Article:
Society

7-Year-Old Miami Boy Electrocuted in Pool Due to Faulty Wiring

| by Allison Geller

A 7-year-old Florida boy was electrocuted in his family pool last Sunday due to a faulty light.

Calder Sloan was enjoying a race in the pool against his nanny’s 22-year-old son Gary when both were shocked. Gary felt the shocked and yelled at Calder to get out of the pool, but the boy apparently did not hear, the Miami Herald reports.

Calder may have brushed up against a highly corroded light fixture, the family said.

Calder’s father, Chris Sloan, said the family had hired an electrician to fix a light that wasn’t turning on about nine months earlier. His brother, Greg Sloan, said that electricians told him earlier this week that the light didn’t seem to be properly grounded.

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“Somebody did not do their job,” Chris Sloan said.

A neighbor ran over to perform CPR when the nanny knocked on her door in a panic. Paramedics arrived soon after, but it was too late to save the boy.

Chris Sloan, thanked those who tried to help at the Friday memorial service for the boy the family called “Mr. Awesome.”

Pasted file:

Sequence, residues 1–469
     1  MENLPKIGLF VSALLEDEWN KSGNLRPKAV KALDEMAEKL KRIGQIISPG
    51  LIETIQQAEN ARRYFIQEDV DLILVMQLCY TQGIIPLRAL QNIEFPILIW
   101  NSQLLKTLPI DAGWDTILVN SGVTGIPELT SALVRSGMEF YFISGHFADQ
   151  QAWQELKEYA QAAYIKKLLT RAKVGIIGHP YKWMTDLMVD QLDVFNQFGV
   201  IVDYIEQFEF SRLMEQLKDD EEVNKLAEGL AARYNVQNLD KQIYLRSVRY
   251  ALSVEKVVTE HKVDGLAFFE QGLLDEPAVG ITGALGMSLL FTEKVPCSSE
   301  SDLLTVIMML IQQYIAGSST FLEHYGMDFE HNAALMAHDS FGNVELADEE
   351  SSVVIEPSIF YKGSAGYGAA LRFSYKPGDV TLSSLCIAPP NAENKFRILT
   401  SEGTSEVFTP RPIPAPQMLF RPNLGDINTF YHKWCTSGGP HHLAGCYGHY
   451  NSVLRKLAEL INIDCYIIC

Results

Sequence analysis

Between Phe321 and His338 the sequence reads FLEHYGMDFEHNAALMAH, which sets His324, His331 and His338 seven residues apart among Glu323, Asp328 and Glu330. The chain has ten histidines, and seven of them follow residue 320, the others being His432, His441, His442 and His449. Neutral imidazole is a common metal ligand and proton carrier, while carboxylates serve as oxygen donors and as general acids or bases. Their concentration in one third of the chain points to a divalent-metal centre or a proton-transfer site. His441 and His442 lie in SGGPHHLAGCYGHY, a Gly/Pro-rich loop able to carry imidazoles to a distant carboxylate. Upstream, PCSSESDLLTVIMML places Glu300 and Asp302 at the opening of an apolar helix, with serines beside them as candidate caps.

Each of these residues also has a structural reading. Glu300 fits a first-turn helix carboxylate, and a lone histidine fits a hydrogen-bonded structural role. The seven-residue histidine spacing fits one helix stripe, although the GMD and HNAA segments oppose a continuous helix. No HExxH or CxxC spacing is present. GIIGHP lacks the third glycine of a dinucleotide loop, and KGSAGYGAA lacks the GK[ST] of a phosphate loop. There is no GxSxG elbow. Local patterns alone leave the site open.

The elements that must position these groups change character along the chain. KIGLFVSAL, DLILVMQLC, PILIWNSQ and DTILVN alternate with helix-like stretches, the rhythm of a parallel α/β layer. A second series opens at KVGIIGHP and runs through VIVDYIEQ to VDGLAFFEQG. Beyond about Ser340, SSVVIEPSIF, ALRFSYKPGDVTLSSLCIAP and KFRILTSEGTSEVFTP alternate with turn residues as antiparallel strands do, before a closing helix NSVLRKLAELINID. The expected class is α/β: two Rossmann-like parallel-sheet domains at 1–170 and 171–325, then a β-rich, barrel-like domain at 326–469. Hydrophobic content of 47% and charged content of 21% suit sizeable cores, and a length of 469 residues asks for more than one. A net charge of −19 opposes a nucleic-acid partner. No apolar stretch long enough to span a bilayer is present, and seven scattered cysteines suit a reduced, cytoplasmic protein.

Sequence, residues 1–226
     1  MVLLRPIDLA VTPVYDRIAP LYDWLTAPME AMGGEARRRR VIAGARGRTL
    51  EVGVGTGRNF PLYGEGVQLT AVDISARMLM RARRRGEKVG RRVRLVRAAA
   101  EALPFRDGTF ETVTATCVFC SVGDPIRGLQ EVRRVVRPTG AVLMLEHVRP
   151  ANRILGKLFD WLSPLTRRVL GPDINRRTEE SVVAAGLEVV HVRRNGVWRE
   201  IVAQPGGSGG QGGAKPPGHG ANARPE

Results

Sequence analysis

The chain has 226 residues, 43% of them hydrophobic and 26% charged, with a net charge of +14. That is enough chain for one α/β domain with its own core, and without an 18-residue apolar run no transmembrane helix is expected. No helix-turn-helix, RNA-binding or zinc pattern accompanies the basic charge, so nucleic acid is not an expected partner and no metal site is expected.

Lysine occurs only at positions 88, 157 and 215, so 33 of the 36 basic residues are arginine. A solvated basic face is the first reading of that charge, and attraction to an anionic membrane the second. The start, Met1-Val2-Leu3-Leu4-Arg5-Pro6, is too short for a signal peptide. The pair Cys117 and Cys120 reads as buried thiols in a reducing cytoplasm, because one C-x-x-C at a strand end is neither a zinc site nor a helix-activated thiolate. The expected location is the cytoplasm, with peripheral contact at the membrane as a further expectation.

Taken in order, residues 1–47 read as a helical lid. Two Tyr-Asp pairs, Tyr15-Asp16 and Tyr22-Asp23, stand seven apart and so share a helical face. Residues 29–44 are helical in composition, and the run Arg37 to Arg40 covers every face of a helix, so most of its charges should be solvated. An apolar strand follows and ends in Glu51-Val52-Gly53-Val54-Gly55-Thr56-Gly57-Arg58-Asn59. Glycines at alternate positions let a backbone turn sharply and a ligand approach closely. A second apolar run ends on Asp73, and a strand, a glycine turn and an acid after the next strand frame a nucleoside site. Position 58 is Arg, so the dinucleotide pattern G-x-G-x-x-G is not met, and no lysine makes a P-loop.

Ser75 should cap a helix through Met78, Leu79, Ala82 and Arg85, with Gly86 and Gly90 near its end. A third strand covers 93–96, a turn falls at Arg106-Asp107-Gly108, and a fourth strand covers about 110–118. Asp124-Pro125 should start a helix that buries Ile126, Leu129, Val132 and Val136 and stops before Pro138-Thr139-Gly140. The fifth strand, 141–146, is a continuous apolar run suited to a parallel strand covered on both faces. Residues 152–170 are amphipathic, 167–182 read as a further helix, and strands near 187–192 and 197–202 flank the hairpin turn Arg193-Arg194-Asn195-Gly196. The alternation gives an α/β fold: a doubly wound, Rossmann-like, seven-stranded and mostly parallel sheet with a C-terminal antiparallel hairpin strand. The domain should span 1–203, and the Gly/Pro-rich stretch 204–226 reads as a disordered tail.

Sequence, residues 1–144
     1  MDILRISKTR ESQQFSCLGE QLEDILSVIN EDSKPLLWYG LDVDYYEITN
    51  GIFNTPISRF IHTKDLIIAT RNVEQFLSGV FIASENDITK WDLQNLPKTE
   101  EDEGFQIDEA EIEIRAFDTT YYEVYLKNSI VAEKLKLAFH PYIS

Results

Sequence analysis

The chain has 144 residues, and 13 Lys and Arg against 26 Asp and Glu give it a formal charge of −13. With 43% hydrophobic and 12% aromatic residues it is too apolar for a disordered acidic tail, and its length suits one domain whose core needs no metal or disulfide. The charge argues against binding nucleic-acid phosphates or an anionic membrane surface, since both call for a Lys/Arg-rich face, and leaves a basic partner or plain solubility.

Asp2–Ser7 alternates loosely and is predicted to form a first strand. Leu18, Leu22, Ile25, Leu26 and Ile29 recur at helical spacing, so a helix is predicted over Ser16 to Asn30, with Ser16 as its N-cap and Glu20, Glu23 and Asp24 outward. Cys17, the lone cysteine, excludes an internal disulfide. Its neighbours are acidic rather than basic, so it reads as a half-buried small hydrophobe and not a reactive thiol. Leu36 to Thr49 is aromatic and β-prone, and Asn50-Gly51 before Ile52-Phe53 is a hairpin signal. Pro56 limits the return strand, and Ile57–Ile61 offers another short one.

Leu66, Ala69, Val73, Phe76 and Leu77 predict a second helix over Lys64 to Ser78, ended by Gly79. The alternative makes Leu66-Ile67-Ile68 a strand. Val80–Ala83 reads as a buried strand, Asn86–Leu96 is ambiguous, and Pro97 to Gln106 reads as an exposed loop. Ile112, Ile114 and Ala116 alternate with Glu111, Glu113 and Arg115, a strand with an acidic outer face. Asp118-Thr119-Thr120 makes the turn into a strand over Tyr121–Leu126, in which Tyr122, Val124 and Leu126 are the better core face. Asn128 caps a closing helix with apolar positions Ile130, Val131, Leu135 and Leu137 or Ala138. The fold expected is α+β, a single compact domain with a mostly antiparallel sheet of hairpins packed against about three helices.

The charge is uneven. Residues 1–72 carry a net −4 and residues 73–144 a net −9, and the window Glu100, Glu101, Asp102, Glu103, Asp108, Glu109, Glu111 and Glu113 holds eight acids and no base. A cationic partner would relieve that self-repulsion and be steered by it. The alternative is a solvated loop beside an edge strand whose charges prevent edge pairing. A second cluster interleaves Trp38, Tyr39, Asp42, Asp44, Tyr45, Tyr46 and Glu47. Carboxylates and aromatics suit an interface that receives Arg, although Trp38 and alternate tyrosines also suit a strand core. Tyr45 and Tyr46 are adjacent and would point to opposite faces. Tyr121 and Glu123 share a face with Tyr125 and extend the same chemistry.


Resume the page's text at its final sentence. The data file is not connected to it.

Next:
“We’ve been through hell. All you tried to do was save Calder’s life and there’s absolutely nothing you could have done. You did everything,” Sloan said.

“Please, everybody, the reason we wanted the news media here is get your electric, the things you never expect, get your electricity checked. Make sure your house is grounded, your pool light is grounded. Make sure. Just, anything physically possible,” Chris Sloan said. “You gotta hold your kids tight and protect them.”

Master electrician Walter Sanders said that water in pool lights is a common occurrence— and a potentially fatal accident waiting to happen.

“Water and electricity don’t mix,” Sanders reminds all pool owners.

“Make sure you don’t have 120 volts introduced into your water, in case a glass breaks or a leakage, and obviously you want to make sure your system is well grounded,” Sanders told CBS.

A well-grounded system ensures that in case something goes wrong, the electricity will flow into the ground and not to those in the pool.

North Miami police Maj. Neal Cuevas told the Herald that the police still have much to investigate.

“We know the manner of death. We have to figure out the circumstances surrounding the death,” he said.

A memorial fund has been set up in Calder’s name.

Sources: Miami Herald, CBS Miami (2)